Steven Jackson's comments to reporters in St. Louis leave the impression the Rams' Pro Bowl running back might not play Sunday.
"Today in rehab, the leg’s still tight, the groin’s still tight, so it’s just one of those injuries where just time is what's really going to heal the injury," Jackson said.
Jackson said being smart about the injury is the most important thing. Playing an NFL game wouldn't seem like the smart thing to do, particularly if Jackson feared aggravating the injury and missing an extended period. But Jackson defined his status as "day-to-day" for the Rams' game against Seattle. He played through a back injury last season and ultimately needed surgery.
"This is a little different," Jackson told reporters. "Last year’s injury was more dealing with the nerve and there's no really pain medicine for that. It’s just your threshold of pain, where a groin injury is somewhat like a hamstring, soft tissue. It’s really hard. It’s really hard to deal with because certain things are just so limited because of the injury."
Jackson tried to play with another soft-tissue injury, this one to his thigh, during a 2008 game against Dallas. Then-Rams coach Jim Haslett initially described that injury as a "slight strain" and said Jackson would play the following week after being limited in practice. The team wound up holding out Jackson for one game. Jackson returned two weeks after the injury, only to leave the game after seven carries. He missed the next three games.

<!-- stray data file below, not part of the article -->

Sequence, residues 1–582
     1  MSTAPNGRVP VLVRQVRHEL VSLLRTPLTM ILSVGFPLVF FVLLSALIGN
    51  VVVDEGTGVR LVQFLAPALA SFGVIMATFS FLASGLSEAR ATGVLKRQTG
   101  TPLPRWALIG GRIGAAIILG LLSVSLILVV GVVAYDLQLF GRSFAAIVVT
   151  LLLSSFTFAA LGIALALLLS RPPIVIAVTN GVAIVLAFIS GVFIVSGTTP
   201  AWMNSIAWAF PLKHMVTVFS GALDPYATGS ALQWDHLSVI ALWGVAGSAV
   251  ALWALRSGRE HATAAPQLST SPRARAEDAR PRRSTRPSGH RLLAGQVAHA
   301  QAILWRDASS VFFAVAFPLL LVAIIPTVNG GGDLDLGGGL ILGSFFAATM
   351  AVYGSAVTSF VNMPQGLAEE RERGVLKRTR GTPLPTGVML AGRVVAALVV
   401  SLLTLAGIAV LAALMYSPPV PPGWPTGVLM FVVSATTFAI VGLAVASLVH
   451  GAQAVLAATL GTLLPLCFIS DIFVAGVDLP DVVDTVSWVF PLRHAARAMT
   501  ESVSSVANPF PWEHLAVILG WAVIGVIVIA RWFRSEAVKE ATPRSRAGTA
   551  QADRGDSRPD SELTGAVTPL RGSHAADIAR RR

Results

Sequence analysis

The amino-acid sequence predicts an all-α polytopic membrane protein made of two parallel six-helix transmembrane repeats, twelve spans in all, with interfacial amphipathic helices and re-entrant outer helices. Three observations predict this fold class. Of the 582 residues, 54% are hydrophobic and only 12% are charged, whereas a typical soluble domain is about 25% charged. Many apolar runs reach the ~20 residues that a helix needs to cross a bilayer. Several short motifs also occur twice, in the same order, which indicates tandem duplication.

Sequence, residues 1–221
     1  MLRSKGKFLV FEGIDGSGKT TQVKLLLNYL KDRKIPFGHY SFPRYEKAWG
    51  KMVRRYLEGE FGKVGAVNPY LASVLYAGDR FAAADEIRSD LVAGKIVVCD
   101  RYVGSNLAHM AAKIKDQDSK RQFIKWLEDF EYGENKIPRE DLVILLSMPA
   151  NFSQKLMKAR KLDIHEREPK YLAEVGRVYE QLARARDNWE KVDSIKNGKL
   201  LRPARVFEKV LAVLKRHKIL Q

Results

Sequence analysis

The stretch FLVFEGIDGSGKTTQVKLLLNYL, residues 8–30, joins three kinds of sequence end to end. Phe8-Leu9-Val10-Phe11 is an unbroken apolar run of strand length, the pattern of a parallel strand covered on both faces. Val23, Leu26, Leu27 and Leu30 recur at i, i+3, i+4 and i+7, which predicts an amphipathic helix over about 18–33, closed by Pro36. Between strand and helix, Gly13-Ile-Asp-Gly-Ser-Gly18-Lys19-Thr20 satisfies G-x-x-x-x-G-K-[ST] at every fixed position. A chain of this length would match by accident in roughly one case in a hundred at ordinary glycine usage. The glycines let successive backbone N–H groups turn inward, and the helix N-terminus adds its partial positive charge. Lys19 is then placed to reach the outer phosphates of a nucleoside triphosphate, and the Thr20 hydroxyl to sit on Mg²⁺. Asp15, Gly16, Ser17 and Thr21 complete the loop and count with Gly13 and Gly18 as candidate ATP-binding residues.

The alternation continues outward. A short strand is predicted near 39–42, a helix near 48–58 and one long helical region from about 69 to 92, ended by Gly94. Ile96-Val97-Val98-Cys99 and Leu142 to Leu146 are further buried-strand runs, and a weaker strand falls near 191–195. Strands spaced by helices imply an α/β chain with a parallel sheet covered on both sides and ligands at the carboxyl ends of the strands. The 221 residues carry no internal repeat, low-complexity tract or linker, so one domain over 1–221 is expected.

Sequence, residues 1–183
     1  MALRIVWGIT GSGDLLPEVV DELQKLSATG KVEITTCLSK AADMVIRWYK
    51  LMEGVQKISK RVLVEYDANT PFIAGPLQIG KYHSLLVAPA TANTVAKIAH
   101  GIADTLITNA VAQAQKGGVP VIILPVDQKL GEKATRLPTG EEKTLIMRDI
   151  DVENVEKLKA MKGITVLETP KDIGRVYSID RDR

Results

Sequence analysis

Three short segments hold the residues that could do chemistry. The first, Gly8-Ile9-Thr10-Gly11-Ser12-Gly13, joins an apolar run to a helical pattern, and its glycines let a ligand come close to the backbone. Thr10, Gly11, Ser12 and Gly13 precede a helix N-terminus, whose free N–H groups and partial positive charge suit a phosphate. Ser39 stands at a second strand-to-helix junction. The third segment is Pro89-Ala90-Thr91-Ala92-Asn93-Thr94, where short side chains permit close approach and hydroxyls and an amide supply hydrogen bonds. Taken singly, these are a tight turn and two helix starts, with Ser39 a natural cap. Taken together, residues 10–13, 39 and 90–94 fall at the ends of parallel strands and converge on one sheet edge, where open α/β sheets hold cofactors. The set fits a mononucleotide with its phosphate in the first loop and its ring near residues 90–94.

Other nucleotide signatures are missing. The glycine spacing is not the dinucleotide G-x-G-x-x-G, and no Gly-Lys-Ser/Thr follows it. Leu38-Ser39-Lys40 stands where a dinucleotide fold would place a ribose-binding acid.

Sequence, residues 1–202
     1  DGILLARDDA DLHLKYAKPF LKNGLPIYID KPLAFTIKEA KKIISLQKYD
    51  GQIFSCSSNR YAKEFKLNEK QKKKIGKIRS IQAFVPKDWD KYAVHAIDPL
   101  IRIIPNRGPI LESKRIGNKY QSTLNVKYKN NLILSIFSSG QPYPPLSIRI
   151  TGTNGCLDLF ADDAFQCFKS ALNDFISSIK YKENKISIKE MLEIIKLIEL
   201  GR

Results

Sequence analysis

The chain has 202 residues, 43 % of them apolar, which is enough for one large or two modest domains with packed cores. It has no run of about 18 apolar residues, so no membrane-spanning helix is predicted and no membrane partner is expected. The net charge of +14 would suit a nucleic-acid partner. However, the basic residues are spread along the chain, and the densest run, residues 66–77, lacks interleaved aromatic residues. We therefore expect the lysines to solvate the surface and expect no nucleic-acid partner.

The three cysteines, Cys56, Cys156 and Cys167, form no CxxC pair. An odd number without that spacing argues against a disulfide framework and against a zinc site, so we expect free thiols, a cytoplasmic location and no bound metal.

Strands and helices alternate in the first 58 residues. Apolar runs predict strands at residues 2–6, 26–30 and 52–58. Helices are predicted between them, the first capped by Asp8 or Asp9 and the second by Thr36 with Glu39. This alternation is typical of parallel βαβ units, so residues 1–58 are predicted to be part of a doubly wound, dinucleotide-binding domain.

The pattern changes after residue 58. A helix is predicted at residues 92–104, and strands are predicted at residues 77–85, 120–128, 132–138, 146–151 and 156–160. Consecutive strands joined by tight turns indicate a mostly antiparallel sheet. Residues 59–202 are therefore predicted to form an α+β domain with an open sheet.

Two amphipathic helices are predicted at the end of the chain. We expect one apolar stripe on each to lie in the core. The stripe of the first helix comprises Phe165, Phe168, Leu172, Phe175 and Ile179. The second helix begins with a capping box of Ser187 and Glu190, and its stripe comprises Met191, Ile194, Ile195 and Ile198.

The Rams described Jackson's current groin injury as a slight strain. What does that mean? It means Jackson will return when he's ready, and that could be Sunday or sometime later. Jackson sounds like he wants to be careful.
"We've been smart about it and I think we're going to continue to be smart about it," he said. "If I so happen to sit out Sunday, I’ve just got to make sure that I’m helping the young guys, make sure they know what they’re doing and be an extra set of eyes for them."
Jackson said he has not run since suffering the injury.
"We have done all pool exercises and rehabbing and non-weight bearing," Jackson said. "Really it’s not running. It’s the range of motion. That’s where my hiccup is and that’s where cutting and doing the things that you have to do on the football field is kind of scary."